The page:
New US admin to revive training future military leaders of Pakistan
Pentagon chief nominee Gen Austin promises to fight extremists in the ranks of American military
The incoming US administration of President-elect Joe Biden needs Pakistan to defeat Al-Qaeda and the Islamic State-Khorasan Province in order to enhance global stability.
This was said by Biden’s nominated Pentagon chief General (retd) Lloyd J Austin, who made these remarks during his confirmation hearing for the post of secretary of defence before the United States Senate Armed Services Committee on Tuesday.
Austin said Pakistan will continue to play an “important role in any political settlement in Afghanistan” and the US also needs to work with the country to defeat Al-Qaeda and the Islamic State-Khorasan Province and enhance regional stability.
Continuing to build relationships with Pakistan’s military will “provide openings for the United States and Pakistan to cooperate on key issues”, he said and added the US sees Pakistan as an “essential partner” in any peace process in Afghanistan.
“Pakistan is an essential partner in any peace process in Afghanistan," Austin, a former head of the US Central Command, told the committee. "If confirmed, I will encourage a regional approach that garners support from neighbours like Pakistan, while also deterring regional actors, from serving as spoilers to the Afghanistan peace process.”
When asked what changes he would recommend to US relations with Pakistan as the new defence chief, Gen Austin said: “I will focus on our shared interests which include training future Pakistan military leaders through the use of International Military Education and Training funds. Pakistan will play an important role in any political settlement in Afghanistan. We also need to work with Pakistan to defeat Al Qaeda and the Islamic State Khorasan Province (ISIS-K) and to enhance regional stability.”
Asked if he has perceived any change in Pakistan’s cooperation with the US since the Trump administration’s decision in 2018 to withhold security assistance, Gen Austin said: “I understand Pakistan has taken constructive steps to meet US requests in support of the Afghanistan peace process. Pakistan has also taken steps against anti-Indian groups, such as Lashkar-i-Taiba and Jaish-i-Mohammad, although this progress is incomplete.”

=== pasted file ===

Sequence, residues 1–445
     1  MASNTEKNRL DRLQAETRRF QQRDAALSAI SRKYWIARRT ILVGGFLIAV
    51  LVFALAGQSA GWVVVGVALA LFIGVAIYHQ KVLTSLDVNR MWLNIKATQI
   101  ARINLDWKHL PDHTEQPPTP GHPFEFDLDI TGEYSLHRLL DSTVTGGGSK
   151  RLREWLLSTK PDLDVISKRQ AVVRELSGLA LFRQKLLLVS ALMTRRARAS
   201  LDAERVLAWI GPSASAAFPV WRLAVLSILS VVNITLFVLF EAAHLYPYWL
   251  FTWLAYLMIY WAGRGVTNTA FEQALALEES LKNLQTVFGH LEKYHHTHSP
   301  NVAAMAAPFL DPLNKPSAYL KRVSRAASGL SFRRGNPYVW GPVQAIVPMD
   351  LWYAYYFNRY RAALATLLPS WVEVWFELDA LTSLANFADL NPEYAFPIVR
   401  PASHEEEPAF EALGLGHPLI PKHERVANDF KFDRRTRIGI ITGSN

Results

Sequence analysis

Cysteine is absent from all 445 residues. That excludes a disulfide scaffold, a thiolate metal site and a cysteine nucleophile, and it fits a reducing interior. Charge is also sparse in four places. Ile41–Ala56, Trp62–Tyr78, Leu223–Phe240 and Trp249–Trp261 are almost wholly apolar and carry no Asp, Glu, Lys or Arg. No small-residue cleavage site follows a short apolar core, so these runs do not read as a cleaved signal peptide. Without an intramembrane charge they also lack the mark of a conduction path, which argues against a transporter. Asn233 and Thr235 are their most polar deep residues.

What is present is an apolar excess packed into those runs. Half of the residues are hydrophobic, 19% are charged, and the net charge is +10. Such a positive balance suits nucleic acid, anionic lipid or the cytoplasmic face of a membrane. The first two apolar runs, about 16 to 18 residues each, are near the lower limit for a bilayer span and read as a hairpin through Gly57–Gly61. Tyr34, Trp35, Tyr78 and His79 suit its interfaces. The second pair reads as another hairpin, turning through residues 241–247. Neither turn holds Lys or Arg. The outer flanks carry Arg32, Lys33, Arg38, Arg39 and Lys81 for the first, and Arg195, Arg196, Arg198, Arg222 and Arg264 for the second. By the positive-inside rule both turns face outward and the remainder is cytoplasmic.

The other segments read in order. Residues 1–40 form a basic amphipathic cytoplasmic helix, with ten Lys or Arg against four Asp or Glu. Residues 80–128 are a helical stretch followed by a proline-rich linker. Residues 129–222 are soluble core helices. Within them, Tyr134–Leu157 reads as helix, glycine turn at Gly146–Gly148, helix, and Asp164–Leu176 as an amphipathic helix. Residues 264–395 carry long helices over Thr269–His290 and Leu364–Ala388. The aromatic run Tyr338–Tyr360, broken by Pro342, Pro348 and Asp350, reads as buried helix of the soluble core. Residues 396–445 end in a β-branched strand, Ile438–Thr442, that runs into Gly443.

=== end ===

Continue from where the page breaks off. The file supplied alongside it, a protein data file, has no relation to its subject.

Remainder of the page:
The general, however, acknowledged that “many factors in addition to the security assistance suspension may impact Pakistan’s cooperation, including Afghanistan negotiations.”
“Pakistan is a sovereign country,” he said when asked what tools and options the US had to influence Pakistan. “I will press Pakistan to prevent its territory from being used as a sanctuary for militants and violent extremist organisations. Continuing to build relationships with Pakistan’s military will provide openings for the United States and Pakistan to cooperate on key issues.”
In response to a question on his priorities for India, Austin said his “overarching objective for our defense relationship with India would be to continue elevating the partnership”.
On the home front, Lloyd Austin pledged to tackle extremists in the military's own ranks, after some members of the military dressed in civilian clothing took part in the attack on the US Capitol by a pro-Trump mob.
"The activity that we've seen recently in terms of potential racists or extremist behavior within our ranks is in my view absolutely unacceptable," said Austin, a former general who is set to become the first African American to head the Pentagon.
Austin promised "to rid our ranks of racists and extremists, and to create a climate where everyone fit and willing has the opportunity to serve this country with dignity."
His comments came as 12 members of the National Guard force deployed to protect Biden's inauguration on Wednesday were removed during a sweep of background checks to root out any members with potential links to extremist groups.
"The job of the Department of Defense is to keep America safe from our enemies. But we can't do that if some of those enemies lie within our own ranks," said Austin, whose nomination has to be confirmed by the Senate.
When asked to name the main threat to the United States, the 67-year-old cited the coronavirus pandemic, followed by China.
"It's killed over 400,000 of our American citizens. That's just an incredible, incredible loss of life," he said, offering his department's help to combat the virus.
But he noted that "China is our most challenging, our most significant challenge going forward."
He said that under his leadership, the Pentagon would "make sure that we are prepared to meet any challenge and that we continue to present a credible deterrent to China or any other aggressor who would want to take us on, and convince them that would be a really bad idea."
Austin remained vague about specific projects he would undertake as head of the US military, but in his written responses to the senators, he said he planned to re-examine outgoing President Donald Trump's proposals to pull US troops out of Germany and Somalia.
By contrast he said he supported a withdrawal from Afghanistan. "I certainly would like to see this conflict end with a negotiated settlement," he said, while insisting that the US remain focused on "counter-terrorism issues" in the war-torn country.
Asked about the threat from Iran, with whom Biden has said he wants to resume dialogue, he said Tehran remained a "destabilizing element in the region" and that it would be dangerous if the Iranian regime had access to nuclear weapons.
With inputs from AFP.